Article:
"No! We don't throw books! We pick out one book, we read it, and when we're done, we put it back and choose another!" I grabbed le Petit's hands and assembled the patience to explain for the tenth time today the principles of good library management. Le Petit, ignoring me, wriggled free from my grasp and continued tossing his entire collection of picture books onto the floor.
My strategy of shoving the books back onto the shelf as soon as they hit the ground was clearly failing. He was too fast and I was too weary of this particular battle. So once again I found myself in the Choose Your Own Adventure that is parenting.
"You are faced with a recalcitrant toddler and a growing heap of picture books. You choose to:
1) Pick him up while he still has a book in hand, carry him to the couch and plop him on your lap, saying "Oh, that's a wonderful book to read with Mommy!" with all the enthusiasm you can muster and wait for him to squirm away after two pages;
2) Try to barricade the bookshelf with furniture, then watch as the barricade is meticulously disassembled. Rescue and console a crying toddler who has wedged himself between the couch and the coffee table;
3) Let him gleefully empty the shelf as you leaf through a magazine nearby, disregarding the far-flung repercussions of a lax and inconsistent discipline strategy."
Over the course of the morning I tried all three.
We easily own over a thousand books. Eight-hundred left Boston with us and we have acquired many more since, with barely a care for what might be a reasonable library for a 600 square foot Parisian apartment. Yet le Petit, whose growing love of books is our source of pride, doesn't always treat this great repository of knowledge and culture with the respect it deserves. We've blocked access to our most precious volumes, but we simply can't keep him away from all the shelves all the time. He has his own shelf with a growing collection of his very own books, and I'm torn. Do I let him have it at it, whether here's in the mood to studiously flip pages or more to throw and stomp? If we ration his reading material, are we losing the Golden Teaching Opportunity to foster a love of books?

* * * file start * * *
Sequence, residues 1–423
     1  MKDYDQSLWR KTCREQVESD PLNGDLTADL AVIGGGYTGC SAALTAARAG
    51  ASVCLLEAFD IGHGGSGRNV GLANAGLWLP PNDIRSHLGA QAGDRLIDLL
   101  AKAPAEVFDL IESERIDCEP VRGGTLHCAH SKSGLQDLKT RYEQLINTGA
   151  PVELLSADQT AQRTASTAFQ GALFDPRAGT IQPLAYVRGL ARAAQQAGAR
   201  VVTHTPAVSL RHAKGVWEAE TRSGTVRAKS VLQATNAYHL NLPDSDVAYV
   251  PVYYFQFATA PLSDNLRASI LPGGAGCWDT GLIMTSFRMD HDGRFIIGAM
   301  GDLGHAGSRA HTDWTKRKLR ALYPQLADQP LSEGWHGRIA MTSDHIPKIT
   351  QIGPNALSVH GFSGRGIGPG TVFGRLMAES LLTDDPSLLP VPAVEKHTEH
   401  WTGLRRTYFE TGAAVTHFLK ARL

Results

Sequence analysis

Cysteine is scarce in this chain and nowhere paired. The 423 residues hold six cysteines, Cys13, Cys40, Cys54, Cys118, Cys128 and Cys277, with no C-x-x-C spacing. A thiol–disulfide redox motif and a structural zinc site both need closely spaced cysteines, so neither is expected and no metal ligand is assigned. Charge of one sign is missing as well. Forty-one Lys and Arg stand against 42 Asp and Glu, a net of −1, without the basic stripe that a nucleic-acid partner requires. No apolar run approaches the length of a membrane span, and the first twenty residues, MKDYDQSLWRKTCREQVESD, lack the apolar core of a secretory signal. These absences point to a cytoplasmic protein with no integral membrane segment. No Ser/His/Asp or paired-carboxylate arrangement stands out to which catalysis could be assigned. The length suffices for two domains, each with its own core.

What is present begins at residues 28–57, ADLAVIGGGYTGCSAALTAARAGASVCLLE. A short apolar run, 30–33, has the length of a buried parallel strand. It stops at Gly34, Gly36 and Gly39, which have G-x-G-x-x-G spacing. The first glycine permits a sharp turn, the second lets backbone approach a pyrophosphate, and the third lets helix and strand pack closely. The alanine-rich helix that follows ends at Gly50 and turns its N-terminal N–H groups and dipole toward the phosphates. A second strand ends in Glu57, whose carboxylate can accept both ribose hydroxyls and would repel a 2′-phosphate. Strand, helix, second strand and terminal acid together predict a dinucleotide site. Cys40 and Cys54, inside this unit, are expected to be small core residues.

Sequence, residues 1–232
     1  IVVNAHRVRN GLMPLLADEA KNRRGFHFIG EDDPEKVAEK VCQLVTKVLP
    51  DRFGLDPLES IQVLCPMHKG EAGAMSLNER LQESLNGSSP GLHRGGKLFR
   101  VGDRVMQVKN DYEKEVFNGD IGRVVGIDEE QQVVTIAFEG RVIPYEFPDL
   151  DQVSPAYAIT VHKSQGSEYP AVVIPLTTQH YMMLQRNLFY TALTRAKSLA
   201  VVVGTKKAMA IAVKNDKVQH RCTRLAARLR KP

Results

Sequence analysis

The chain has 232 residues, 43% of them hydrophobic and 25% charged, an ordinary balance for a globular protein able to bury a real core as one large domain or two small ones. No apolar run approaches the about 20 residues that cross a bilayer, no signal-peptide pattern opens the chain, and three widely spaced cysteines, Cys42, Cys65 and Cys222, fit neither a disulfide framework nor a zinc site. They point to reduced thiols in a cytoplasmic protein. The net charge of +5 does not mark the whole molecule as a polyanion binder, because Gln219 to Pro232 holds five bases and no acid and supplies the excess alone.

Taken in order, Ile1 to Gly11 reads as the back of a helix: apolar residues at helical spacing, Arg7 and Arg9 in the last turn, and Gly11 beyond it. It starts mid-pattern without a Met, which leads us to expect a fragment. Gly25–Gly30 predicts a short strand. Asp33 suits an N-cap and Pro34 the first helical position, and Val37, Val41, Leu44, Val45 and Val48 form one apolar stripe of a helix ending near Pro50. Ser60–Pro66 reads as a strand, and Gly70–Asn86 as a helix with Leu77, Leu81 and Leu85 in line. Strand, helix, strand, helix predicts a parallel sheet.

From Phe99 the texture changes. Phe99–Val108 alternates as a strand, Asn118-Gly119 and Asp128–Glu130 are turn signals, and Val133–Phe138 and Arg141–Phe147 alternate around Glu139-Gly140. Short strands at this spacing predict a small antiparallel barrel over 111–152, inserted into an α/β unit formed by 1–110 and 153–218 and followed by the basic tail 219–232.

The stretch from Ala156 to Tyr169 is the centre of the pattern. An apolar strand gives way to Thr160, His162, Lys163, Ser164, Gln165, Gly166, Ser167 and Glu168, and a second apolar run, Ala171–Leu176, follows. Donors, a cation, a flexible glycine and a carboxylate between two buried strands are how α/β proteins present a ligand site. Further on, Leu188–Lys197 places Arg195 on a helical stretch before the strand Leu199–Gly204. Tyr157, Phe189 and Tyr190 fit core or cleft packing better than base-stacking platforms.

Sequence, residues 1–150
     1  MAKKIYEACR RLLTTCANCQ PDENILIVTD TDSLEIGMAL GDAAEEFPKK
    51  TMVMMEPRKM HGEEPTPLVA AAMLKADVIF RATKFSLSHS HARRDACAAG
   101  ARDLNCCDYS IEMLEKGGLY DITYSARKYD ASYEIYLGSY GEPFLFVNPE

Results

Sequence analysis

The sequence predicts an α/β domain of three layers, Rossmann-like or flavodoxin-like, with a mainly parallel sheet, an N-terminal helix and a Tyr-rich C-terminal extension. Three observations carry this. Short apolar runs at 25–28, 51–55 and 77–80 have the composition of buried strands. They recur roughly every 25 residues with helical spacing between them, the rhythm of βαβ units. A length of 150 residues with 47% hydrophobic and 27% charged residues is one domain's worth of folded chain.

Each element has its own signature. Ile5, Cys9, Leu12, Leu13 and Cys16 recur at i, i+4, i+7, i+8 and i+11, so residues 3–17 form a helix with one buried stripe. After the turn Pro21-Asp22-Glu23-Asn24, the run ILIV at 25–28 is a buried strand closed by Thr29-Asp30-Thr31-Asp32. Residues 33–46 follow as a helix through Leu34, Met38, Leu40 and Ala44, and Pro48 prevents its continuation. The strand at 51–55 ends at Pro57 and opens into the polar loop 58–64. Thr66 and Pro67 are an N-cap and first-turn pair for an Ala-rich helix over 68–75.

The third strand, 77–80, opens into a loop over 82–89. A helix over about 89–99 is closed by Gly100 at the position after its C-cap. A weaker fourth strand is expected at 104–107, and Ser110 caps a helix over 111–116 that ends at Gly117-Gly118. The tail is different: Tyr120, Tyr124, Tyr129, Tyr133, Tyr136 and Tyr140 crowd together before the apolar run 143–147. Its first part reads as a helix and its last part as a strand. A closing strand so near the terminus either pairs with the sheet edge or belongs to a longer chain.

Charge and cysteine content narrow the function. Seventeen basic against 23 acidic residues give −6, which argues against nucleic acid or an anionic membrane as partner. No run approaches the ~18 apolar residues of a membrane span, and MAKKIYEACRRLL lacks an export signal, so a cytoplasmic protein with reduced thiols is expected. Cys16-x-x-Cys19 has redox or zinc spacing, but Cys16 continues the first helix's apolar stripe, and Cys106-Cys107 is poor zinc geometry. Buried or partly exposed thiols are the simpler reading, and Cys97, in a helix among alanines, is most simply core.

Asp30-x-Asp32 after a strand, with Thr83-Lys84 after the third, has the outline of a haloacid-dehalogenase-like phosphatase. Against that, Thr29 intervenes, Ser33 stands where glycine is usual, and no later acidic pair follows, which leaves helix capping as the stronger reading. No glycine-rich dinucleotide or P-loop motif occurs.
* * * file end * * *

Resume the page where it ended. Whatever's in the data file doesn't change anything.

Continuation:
He may love to throw, but he also loves to read. And there's almost nothing I love more than gathering him into my lap when he toddles up to me with a book. I've been reading to him since he was tiny. At first, I stuck to the story and turned the pages in order. When he was two months old, he was a passive audience and I wasn't entirely sure that I even held the book correctly in his limited field of vision. Now reading is an interactive affair. Le Petit holds the book and turns the pages himself, thank you very much, and he has favorite pages in many books that flips through deliberately to find.
One book, 10 Little Rubber Ducks by Eric Carle, has a particularly captivating page with an embedded button under a drawing of a rubber duck that squeaks when pressed. Le Petit is still not strong enough to make it work himself, but has learned to grab my index finger and place it on the button so that I can do it for him. He eventually tried to use my finger to press other duck pictures on other pages, and I dutifully voiced a "squeak" or "quack" as needed.
Now the game has been expanded to include other books. He has a bedtime book with a picture of a baby in pajamas. As soon as I turn to the page he grabs for my finger, then presses it to the paper repeatedly to hear me say "pajamas!" over and over again.
As he does it he has his inimitable half smile and a look of concentration that makes me melt every time.
Today we read a book about babies. "Baby!" I said as he pressed my finger to the first page. On the second was a large picture of a smiling baby's face. We found baby's eyes, and mouth, and then he planted my finger right in the middle in the page.
"Nose! Baby's nose!" I said. Le Petit picked my finger back up off the page and touched his own nose.
I could barely contain my excitement and surprise. I called my husband to come look, and I coaxed le Petit to repeat the demonstration of his erudition.
"Did you see that? He knows what 'nose' means!" I gushed. I've known for some time that le Petit understands the general sense of what we say to him, but this was my first proof that he understands a word as an abstract concept and can make the leap from page to reality.
My husband was impressed, and as he pointed out almost as a compliment, the first word we are certain he understands is in English.
He truly is bilingual.
That, to this mom, is worth picking up many a heap of books on the floor.